A question addressed to someone who is inexplicably silent. The implication is that the person’s tongue is missing.

All you have to do is tell us who attacked you and we will arrest them. Why so quiet? Has the cat got your tongue?

America, 19th century.

Worldwide, but little used amongst the young.

Stiffness or cramp in the arm or leg.

He was just on the verge of scoring his first hundred and then got a charley horse and couldn’t hold the bat.

USA, late 19th century.

Little-known outside the USA.

An imaginary idealistic state where everything is perfect. It is usually used with reference to someone who has an overly optimistic and unrealistic belief.

If you think you can get a managerial job without any qualifications or experience you are living in cloud cuckoo-land.

‘Cloud cuckoo-land’ derives from a comment made by was coined by the 4th century BC Greek playwright Aristophanes in the whimsical and extravagant play The Birds. First used in English in the 1820s, in the United Kingdom.


An unbelievable tale.

She said that she went to school with George Clooney but she’s only twenty two – I think it’s a cock and bull story.

Britain, 17th century, although the precise source is unknown.


Intentionally raise a false alarm.

Now Billy, there’s no point crying wolf just to stay up a bit later. We all know that there are no witches in your bedroom.

From the ‘Shepherd Boy who cried Wolf’ story in Aesop’s Fables, translated into English in the 17th century.


Being inquisitive can lead you into a dangerous situation.

I heard a noise outside and went to have a look. It turns out I should have ignored it, it was a bear. Curiosity killed the cat they say.

USA, late 19th century. Probably deriving from a much older British phrase – ‘care killed the cat’.


Cockney rhyming slang for telephone.

I need to talk to Jackie. Get her on the dog and bone for me would you?


Mostly Britain.

The hottest days of the summer season.

I’m roasting – I suppose we should expect that on the dog days.

Britain, 14th century, deriving ultimately from ancient Rome.

Don’t count on receiving some benefit until you actually have it.

I know you felt good about that exam, but you haven’t passed until you get the result – don’t count your chickens.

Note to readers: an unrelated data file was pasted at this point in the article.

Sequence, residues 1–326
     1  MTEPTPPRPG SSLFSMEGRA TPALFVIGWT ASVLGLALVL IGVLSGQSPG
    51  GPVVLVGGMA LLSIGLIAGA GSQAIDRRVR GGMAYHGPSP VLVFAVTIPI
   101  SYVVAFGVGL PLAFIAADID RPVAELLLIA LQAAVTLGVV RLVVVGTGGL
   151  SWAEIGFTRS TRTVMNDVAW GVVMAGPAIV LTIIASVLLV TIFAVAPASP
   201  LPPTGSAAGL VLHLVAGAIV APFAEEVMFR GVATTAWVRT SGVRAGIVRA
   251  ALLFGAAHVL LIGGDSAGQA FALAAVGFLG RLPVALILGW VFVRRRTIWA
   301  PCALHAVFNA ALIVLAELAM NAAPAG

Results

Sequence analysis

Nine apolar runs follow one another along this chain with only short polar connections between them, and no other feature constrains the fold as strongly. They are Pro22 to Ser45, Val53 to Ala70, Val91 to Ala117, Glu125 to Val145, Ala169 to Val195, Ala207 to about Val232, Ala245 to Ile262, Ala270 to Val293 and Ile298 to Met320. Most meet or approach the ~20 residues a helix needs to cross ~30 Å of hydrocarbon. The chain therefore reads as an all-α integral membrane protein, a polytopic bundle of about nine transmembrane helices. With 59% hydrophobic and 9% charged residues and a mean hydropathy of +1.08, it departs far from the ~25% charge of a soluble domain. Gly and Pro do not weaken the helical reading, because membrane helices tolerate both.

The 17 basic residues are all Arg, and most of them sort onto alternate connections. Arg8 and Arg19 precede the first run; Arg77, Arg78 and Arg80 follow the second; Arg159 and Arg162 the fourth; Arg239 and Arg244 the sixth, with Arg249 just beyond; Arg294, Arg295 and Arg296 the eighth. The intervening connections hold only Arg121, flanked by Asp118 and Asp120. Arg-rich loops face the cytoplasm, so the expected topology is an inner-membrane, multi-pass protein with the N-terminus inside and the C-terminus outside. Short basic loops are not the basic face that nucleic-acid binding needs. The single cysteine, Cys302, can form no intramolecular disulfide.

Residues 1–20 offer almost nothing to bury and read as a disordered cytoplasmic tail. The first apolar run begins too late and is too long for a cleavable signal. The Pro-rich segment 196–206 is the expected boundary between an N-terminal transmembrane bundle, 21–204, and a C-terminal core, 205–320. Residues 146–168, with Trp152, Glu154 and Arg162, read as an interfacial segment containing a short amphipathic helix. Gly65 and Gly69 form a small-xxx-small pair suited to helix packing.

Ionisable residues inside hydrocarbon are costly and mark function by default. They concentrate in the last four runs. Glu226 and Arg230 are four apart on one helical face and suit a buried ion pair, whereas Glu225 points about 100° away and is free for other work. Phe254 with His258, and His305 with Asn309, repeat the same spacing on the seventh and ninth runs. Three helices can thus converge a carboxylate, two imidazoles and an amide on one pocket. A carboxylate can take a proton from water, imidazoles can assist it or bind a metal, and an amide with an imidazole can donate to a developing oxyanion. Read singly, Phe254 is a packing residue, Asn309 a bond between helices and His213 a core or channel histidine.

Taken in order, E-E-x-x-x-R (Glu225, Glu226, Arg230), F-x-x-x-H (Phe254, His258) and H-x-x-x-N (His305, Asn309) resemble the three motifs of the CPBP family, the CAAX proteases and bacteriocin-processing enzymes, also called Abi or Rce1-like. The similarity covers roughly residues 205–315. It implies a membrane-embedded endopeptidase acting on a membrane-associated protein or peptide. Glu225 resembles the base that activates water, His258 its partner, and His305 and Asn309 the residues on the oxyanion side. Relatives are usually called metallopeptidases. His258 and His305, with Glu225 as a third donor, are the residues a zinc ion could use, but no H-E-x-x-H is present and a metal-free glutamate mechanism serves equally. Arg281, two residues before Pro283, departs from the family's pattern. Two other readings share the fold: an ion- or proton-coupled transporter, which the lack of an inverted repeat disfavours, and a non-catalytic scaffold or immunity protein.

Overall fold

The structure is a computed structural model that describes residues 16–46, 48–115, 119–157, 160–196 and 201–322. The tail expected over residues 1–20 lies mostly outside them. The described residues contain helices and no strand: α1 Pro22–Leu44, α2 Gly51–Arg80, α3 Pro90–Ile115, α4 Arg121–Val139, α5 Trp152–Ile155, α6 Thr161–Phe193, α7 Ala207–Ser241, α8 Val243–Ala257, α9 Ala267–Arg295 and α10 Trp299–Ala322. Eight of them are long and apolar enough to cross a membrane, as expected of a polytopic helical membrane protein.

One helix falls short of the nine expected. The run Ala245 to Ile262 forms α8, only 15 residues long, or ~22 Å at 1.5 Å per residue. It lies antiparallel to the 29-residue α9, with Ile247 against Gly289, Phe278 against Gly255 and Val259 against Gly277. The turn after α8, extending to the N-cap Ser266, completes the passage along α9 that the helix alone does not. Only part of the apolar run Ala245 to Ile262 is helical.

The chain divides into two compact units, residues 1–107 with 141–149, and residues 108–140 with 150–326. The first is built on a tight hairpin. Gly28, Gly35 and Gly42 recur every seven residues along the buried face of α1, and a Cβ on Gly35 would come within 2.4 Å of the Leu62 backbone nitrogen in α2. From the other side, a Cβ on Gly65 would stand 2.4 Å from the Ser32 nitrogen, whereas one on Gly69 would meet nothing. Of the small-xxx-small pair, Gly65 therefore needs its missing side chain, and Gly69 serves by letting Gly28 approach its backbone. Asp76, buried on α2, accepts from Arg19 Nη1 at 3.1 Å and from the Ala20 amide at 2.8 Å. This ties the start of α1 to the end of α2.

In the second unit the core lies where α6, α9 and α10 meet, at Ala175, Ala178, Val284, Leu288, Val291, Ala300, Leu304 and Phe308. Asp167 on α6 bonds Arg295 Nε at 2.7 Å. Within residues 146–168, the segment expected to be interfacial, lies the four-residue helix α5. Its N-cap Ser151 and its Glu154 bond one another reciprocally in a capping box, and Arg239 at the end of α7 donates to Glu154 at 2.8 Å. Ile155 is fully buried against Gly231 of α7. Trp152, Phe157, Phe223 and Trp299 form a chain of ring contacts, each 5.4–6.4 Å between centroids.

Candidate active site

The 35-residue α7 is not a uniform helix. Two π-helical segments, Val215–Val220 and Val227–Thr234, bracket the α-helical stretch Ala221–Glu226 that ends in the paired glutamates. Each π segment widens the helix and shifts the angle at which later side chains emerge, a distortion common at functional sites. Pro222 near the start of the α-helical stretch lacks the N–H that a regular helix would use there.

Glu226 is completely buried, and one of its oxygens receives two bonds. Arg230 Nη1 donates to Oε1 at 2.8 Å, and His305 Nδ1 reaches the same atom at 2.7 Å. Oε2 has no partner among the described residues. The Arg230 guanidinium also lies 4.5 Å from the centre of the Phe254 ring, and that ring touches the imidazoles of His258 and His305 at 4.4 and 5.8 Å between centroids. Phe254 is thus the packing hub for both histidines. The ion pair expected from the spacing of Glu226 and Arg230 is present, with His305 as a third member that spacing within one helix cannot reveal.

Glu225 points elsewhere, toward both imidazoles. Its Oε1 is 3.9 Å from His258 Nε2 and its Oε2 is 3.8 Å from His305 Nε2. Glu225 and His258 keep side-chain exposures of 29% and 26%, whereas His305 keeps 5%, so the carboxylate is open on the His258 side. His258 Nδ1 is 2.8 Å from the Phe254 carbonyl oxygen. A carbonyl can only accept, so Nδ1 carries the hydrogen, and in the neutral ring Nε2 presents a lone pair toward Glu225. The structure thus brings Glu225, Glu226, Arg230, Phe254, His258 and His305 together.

Britain, 16th century proverb.


When you receive a gift accept it with good grace and don’t find fault with it.

I gave her a $700 phone and she said it wasn’t the right colour. Talk about looking a gift horse in the mouth!

Britain, 16th century proverb.


1. Cockney rhyming slang for ears. 2. A very long time.

1. Prince Charles has a fine pair of donkeys. 2. This is the first school reunion we’ve had since 1982. I haven’t seen some of these people in donkey’s years.


Mostly Britain.

Drink very heavily.

Dean Martin drank like a fish.

Britain, 17th century.


Many people either falling ill or dying.

In the Black Death in 1348 Londoners were dropping like flies.

USA, early 20th century.


Cockney rhyming slang for drunk.

He’s been in the bar since we opened six hours ago. It’s fair to assume that he’s totally elephants by now.


Mostly Britain.

Rearing livestock under industrial conditions.

I’m dead against factory farming of pigs. I prefer to see them out in the open air, rooting about for their food.

USA, mid-20th century.


A market used to buy and sell inexpensive goods. The kind of place that might sell carpets infested with fleas.

I need some cheap costume jewelry for the school play. Maybe the flea market would be the place.

Britain, early 20th century.


A downmarket cinema – allegedly verminous.

When we were kids we used to go to the local flea pit every saturday to watch B-movies.

Britain, mid 20th century.


To attempt to make progress with something that has no future.

Reissuing Betamax tapes? You’re flogging a dead horse there mate.

Britain, 17th century.


Talking hot air.

He claims that he was taught to to wire walk by his parents in the circus, but he’s full of bull – I know his father was a greengrocer.